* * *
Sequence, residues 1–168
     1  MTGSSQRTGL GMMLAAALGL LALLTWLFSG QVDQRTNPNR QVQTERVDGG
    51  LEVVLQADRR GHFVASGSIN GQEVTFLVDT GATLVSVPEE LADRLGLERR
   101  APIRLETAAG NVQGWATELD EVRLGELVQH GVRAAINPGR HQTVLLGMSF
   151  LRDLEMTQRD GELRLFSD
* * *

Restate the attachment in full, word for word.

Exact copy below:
Sequence, residues 1–168
     1  MTGSSQRTGL GMMLAAALGL LALLTWLFSG QVDQRTNPNR QVQTERVDGG
    51  LEVVLQADRR GHFVASGSIN GQEVTFLVDT GATLVSVPEE LADRLGLERR
   101  APIRLETAAG NVQGWATELD EVRLGELVQH GVRAAINPGR HQTVLLGMSF
   151  LRDLEMTQRD GELRLFSD